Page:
Perhaps one of the more astute observations made by one respondent was that, after all, this is the way all aid organizations started (see Red Cross, MSF, etc.).

The list of negatives that appear in both “negative” and “neutral” responses is long and damning, and I invite you to read the sections below for some great examples.

  • Lack of professionalism
  • Lack of standardization
  • “White savior complex” underlying motivations
  • Just adding to noise and confusion for beneficiaries, donors and the aid industry

    Screenshot 2014-08-17 12.42.47

    Word cloud of all responses

  • Poor/misguided mission
  • Ego-driven leadership
  • Just reinventing the wheel
  • Inefficient
  • Do harm in some cases
  • Self-serving
  • No accountability
  • Prone to corruption
  • Thinly disguised proselytization
  • Overall give aid section a bad reputation

Many respondents touched on a current debate voiced succinctly in the comment made by an experienced female aid worker, namely:  “Humanitarian aid is a profession not a hobby.”

In short, MONGOs: not so good except in rare cases.

A thought from my sociological perspective:  I believe that it is human nature to have empathy toward others and to want to help somehow when one sees other’s in need.  Indeed, that is what prompted Henri Dunant to do what he did in response to the wounded at Solerfino and later help establish one of the very first humanitarian aid organizations, the Red Cross. The urge to create MONGOs is there.  What to do with individuals who act on it is the question we must explore in more detail at some point.

Below I present representative responses from each of the three groupings.



  • “Great! I love the small initiatives, but I’d qualify it since it depends a lot on the origins, agency of the organization and what they’re up to (since many depend on assumptions we give them that we say works, when it very well might be ivory-tower driven). We can’t work with them because of rules from up top, but generally, I think they do our work better than we do.”
  • “Have limited reach but have the potential to be better with adaptation, better at identifying nuances to local development, and may be better at small scale development.”
  • “Can be useful if service providers in niches. But no way to partner with at scale.”
  • “Some are quite nimble and do good local work and focus very effectively on social justice. However they can lead to too much Screenshot 2014-08-17 13.30.54fragmentation and some serve the egos of their founders too much.”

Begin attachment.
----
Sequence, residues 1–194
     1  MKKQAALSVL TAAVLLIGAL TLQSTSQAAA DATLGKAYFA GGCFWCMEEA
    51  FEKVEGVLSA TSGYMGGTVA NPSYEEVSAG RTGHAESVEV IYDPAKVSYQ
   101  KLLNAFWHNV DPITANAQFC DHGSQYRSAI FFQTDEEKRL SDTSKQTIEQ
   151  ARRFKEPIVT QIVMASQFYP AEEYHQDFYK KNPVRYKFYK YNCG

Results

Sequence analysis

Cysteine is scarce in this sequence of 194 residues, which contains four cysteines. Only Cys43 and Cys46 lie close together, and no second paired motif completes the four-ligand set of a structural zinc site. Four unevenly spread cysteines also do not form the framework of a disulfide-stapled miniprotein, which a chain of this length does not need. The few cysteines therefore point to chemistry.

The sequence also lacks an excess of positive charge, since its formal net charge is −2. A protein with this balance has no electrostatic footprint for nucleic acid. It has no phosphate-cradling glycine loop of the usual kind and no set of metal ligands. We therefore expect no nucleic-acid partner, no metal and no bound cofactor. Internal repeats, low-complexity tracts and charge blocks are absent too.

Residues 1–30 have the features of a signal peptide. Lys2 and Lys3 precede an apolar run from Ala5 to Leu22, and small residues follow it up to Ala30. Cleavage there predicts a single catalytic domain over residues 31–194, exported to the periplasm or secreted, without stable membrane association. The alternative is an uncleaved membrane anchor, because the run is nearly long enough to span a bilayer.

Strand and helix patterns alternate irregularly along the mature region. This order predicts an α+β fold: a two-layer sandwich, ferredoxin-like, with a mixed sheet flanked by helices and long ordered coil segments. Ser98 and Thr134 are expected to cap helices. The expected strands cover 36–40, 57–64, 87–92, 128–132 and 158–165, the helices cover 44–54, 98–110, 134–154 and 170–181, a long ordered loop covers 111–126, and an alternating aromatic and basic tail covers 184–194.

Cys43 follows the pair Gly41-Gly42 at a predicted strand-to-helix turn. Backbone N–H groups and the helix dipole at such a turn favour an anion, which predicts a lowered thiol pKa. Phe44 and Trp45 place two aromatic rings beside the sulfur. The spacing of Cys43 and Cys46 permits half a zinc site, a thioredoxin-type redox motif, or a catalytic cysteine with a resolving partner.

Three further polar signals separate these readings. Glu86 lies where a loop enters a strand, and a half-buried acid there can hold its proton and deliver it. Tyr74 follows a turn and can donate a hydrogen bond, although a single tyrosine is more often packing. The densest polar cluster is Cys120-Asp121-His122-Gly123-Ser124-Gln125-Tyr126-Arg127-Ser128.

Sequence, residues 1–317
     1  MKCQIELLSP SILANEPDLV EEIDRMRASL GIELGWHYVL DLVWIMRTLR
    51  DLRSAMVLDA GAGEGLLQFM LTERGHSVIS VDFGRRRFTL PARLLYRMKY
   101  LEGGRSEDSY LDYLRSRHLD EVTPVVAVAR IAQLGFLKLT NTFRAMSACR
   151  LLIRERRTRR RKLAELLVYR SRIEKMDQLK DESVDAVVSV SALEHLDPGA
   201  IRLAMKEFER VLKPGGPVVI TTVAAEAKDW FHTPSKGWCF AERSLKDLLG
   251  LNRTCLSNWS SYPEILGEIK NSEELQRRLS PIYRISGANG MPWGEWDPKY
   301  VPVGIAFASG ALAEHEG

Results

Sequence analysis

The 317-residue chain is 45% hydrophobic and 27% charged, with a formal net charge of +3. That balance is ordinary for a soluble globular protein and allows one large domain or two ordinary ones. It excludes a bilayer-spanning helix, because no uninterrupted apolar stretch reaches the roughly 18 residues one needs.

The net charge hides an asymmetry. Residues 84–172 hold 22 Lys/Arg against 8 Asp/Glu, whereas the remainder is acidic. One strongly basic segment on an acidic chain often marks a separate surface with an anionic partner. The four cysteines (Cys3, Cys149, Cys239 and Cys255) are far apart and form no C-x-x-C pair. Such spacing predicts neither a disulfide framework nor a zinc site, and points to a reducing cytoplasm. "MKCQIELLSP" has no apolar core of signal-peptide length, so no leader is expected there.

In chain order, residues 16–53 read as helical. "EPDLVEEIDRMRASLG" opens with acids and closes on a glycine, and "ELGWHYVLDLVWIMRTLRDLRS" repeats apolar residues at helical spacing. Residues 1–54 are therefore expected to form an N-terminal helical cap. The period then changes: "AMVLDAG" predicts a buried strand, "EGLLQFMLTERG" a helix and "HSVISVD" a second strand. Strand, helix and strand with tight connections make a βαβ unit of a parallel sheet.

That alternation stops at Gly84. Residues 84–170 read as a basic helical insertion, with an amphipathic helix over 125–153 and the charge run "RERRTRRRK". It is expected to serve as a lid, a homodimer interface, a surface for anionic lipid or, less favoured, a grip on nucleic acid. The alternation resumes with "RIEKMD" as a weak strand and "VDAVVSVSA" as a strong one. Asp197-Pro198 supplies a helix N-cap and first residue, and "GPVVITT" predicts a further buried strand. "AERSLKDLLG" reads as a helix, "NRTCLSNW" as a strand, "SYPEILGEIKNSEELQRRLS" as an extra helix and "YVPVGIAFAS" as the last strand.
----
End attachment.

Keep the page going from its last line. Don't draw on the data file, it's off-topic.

• “Often the smaller ones achieve more with fewer overheads and admin costs.”
  • “Some can grow to be great organisations as long as they learn from their mistakes and have clear leadership which understands the complexities of the isssues they are dealing with.”
  • “There is plenty work to be done, problems, issues to be adressed. Plenty spaces for MONGOs. And it is good as well to have a variety of organization.”
  • “Some made the critical differentiation between local and Western/Us based organizations.”
  • “If they are local NGOs/CBOs, they can make very good work because they can understand and address the very local issues and problems. Creating an NGO in the US to do fantasy projects to rescue poor dying African children is ridiculous.”

Some respondents just had no opinion, some gave both sides, some qualify in very insightful ways:

  • “Can’t write all off with one brush. If they are filling an actual gap that can be a good thing. The big boy ngos are not necessarily flexible or nimble so small can be good. However the ones that show up without a clue are making things worse.”
  • “They can be frustrating in the sense that they rarely coordinate “with the big kids” – i.e. they tend to go off on their own and don’t connect or feed into the broader humanitarian system. However, if working in partnership, they can be helpful when working in isolated locations since they are sometimes the only ones willing to go and do work in tough places… especially National NGOs.”
  • “(chuckle… I think I’m running a sort of MONGO at present, but we try not to act like it!) It varies, some can do good work if they have a specific niche that they can fill, often as a sub to a larger organization. Others are of questionable competence and can have anScreenshot 2014-08-17 13.28.44 outsized regard of their own importance. If not well-focused (“I’m here and want to help!) they tend to be ineffective.”